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Rookie Johnson enjoying strong USHL season

11/07/2013, 5:45pm MST
By Paul D. Bowker - Special to

Grow up in Minnetonka, Minn., and you grow up with hockey.

University of Minnesota recruit Steven Johnson played high school hockey with Jack Ramsey, the son of 1980 Olympic gold medalist hockey player and four-time NHL All-Star Mike Ramsey. A long line of Minnetonka High School famous hockey alums includes Jake Gardiner of the Toronto Maple Leafs.

Johnson can quickly recite Toronto’s selection of Gardiner in the 2008 NHL Draft. In Minnetonka, it’s common knowledge: first round, 17th pick.

“It definitely has its fair share of great athletes,” Johnson says of Minnetonka, a western suburb of Minneapolis. “I think it’s real good for the town. Everybody looks up to everyone else. It’s a great place to come from.”

And now you can add Johnson to the who’s-who-in-Minnetonka list. The defenseman is playing for the U.S. Junior Select Team at the World Junior A Challenge in Yarmouth, Nova Scotia. In early October he accepted a hockey scholarship at the University of Minnesota, where he will begin school in fall 2014. And he is one of the leading players on Omaha’s United States Hockey League team as a 19-year-old rookie.

“He’s been really, really good for us all year,” said Brian Kaufman, coach for the Omaha Lancers and a former college hockey star at Miami University. “He’s just such a good defenseman in the offensive and defensive zone. … He can play in any situation. He runs our power plays, [he is] on our penalty kill. He plays in every situation.”

The combination of Johnson and Tucker Poolman on defense, with Cole Bruns or Hayden Hawkey in goal, has helped send the Lancers to first place in the Western Conference of the USHL. The Lancers won 10 of their first 13 games and Bruns posted five shutouts.

“Most of the year he’s been paired with Tucker Poolman as our top D pair,“ Kaufman said. “They’ve done an unbelievable job. We’ve matched them up a lot of times against other teams’ best [forward] lines.”

The coaches and scouts for Team USA recognized Johnson’s talents by naming him to the junior select team. He is on temporary leave from the Lancers while Team USA tries to win a gold medal at the World Junior A Challenge.

“Any time you get to represent Team USA is quite the honor,” Johnson said. “The guys are great and the coaches are great. It’s going to be a great experience.”

Johnson’s homeland pride is built up even more by the fact that seven other Minnesotans are on the junior select team. While Johnson racks up impressive numbers (a plus/minus ration of plus-10 so far) in Omaha, he is a true Minnesotan who grew up with hockey. Specifically, University of Minnesota Gophers hockey. Soon, he’ll play for the Gophers in an arena that is less than 20 miles from his Minnetonka home.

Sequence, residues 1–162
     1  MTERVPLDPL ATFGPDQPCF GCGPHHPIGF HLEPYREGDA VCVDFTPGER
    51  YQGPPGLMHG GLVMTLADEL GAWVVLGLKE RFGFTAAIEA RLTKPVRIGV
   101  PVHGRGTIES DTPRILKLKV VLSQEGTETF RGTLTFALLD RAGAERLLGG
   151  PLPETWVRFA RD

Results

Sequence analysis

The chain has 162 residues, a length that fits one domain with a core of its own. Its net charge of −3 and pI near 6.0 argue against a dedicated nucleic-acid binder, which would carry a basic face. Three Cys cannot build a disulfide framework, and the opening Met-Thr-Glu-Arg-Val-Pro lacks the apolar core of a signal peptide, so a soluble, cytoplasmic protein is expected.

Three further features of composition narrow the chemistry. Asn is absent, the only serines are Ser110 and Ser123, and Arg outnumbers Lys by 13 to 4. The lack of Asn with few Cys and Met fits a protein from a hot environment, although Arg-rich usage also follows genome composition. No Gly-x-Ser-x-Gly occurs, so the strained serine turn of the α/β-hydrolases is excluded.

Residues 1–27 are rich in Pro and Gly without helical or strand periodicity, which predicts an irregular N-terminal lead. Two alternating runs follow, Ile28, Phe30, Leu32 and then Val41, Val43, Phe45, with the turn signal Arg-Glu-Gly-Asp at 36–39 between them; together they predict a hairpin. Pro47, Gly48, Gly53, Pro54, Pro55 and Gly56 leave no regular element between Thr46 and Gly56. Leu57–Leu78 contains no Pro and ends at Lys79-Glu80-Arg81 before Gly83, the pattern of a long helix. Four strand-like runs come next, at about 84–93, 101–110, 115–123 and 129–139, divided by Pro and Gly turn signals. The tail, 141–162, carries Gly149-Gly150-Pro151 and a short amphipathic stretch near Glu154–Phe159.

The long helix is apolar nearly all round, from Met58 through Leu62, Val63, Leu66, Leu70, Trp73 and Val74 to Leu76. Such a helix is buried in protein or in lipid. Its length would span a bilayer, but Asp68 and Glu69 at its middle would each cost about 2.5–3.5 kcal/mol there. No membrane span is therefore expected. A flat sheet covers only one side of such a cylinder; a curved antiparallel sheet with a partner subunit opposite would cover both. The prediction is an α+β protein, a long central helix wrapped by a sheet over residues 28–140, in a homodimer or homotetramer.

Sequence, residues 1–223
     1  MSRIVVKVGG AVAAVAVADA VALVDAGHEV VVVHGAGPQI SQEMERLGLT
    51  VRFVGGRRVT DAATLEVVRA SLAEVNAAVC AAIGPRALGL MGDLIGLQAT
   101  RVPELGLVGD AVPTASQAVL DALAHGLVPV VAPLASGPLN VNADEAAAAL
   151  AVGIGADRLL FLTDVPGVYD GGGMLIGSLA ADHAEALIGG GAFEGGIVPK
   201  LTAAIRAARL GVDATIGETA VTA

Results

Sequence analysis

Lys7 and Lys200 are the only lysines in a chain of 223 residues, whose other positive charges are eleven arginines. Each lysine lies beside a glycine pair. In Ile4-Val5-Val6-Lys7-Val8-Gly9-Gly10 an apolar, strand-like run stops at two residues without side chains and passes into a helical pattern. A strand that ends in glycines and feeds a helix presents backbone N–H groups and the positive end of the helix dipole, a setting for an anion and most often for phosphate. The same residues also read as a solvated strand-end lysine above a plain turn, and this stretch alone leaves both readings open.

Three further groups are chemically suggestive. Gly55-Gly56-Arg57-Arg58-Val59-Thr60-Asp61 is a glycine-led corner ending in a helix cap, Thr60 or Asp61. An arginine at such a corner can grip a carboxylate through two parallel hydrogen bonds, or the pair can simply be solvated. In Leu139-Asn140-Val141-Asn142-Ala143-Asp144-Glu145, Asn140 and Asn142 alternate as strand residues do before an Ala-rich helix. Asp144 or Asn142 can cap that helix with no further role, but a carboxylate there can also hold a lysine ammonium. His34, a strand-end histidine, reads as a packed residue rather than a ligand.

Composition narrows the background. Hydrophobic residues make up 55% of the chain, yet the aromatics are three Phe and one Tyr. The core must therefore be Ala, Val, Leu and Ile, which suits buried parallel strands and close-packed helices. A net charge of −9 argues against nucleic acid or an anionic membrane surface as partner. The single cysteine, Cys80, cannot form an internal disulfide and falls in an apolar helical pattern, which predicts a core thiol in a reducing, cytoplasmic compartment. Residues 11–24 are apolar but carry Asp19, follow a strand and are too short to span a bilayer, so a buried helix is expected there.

“Every Minnesota kid grows up and watches the Gophers,” he said. “To have an opportunity to put that ‘M’ on my chest and represent the Gophers is quite an honor. So I’m really excited.”

Joining him in Minneapolis as a freshman in 2014 will be good friend Jack Ramsey.

“I go over to his house all the time and his basement is loaded with ‘Miracle on Ice’ stuff, Olympics stuff,” Johnson said. “I got to see the gold medal. It’s pretty awesome. It’s cool to have someone of that stature be so close and see everything they do.”

While preparing for his first USHL season in Omaha, Johnson spent part of the summer working out with Chicago Blackhawks defenseman Nick Leddy, a native of nearby Eden Prairie, Minn. Johnson says he has learned by watching the speed and quickness shown by Leddy.

“I just try to model my game after him,” Johnson said. “Just watch him and see what he does in certain situations, and go from there.”

At 6-foot-1 and 185 pounds, Johnson hopes to get bigger as he approaches his college years and a possible run at a pro career in the National Hockey League. He’ll be eligible for the NHL Entry Draft in 2014.

“Just get bigger and stronger and faster,” Johnson said.

“That’s certainly a possibility,” Kaufman said of the NHL. “It’s not far fetched. As an undersized defenseman, you know, it’s tough. There’s a lot of undersized defensemen that never make it to the NHL. … He’ll get better and better and provided the opportunity is there, he certainly could. Getting stronger is going to be huge for him.”

Story from Red Line Editorial, Inc.

Photo by Deb Hestness, courtesy Omaha Lancers

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